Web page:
The Course of a River
A river is fresh water flowing across the surface of the land, usually to the sea. It flows in a channel. The bottom of a river is called the bed, and the sides of a river are called banks.
There are three parts of a river, the upper course (The start of the river), the middle course (The middle part of the river) and the lower course (The end of the river).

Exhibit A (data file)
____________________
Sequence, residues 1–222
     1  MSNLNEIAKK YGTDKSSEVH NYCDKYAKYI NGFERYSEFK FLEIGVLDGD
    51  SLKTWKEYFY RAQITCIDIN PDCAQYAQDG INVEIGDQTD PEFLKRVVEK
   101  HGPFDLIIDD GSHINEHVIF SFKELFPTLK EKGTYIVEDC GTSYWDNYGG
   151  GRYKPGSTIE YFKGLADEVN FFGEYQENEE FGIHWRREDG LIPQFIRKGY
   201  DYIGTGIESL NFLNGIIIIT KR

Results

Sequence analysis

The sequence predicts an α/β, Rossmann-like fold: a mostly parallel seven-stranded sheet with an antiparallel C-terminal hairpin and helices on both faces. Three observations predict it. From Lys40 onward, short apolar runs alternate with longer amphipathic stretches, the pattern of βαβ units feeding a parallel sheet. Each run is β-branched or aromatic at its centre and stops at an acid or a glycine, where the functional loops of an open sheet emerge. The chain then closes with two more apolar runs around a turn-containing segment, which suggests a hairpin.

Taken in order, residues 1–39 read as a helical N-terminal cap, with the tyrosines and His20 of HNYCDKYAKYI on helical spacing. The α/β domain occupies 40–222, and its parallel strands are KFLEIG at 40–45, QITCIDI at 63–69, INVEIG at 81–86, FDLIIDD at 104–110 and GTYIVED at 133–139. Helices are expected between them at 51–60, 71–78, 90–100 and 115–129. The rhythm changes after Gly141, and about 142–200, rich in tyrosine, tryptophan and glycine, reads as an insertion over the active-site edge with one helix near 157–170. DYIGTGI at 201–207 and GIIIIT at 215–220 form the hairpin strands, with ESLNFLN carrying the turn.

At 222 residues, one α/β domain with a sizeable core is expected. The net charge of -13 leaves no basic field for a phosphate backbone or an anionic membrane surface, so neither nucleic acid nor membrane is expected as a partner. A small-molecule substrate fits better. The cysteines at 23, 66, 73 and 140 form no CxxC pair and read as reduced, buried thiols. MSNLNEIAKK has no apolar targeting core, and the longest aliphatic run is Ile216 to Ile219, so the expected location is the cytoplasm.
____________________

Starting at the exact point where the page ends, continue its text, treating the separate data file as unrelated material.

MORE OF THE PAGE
All rivers start at the source. This is usually up in the hilly ground. This means that there is a steep gradient which causes fast flow. As the water is flowing faster, more erosion occurs. Erosion is when the water, as it is flowing, it wears away the land. This is why you find V-shaped valleys. Transportation is another process that happens due to the water flowing fast. Transportation is when the river carries along with its current, materials such as mud and pebbles which have been eroded. At this point pot holes can be formed. A pot hole is formed by pebbles swirling around on the river bed. This action erodes the river bed therefore forming a hole. Over time, these pot holes can join with other pot holes till eventually the whole river bed is deepened. In the upper course, waterfalls can be formed. They are formed when the river flows over the hard rock. Where the water flows over soft rock, it erodes the softer rock away. Over time, it gets more and more eroded due to the water flowing on top of it. This makes a cliff. At the bottom of the cliff some of the water splashes onto the cliff and makes a plunge pool. A plunge pool is made by the rocks which are being carried along with the river, after falling down the waterfall they thrash about and erode the softer rock. Eventually, the hard rock falls off and starts the whole process again. The river is mainly straight.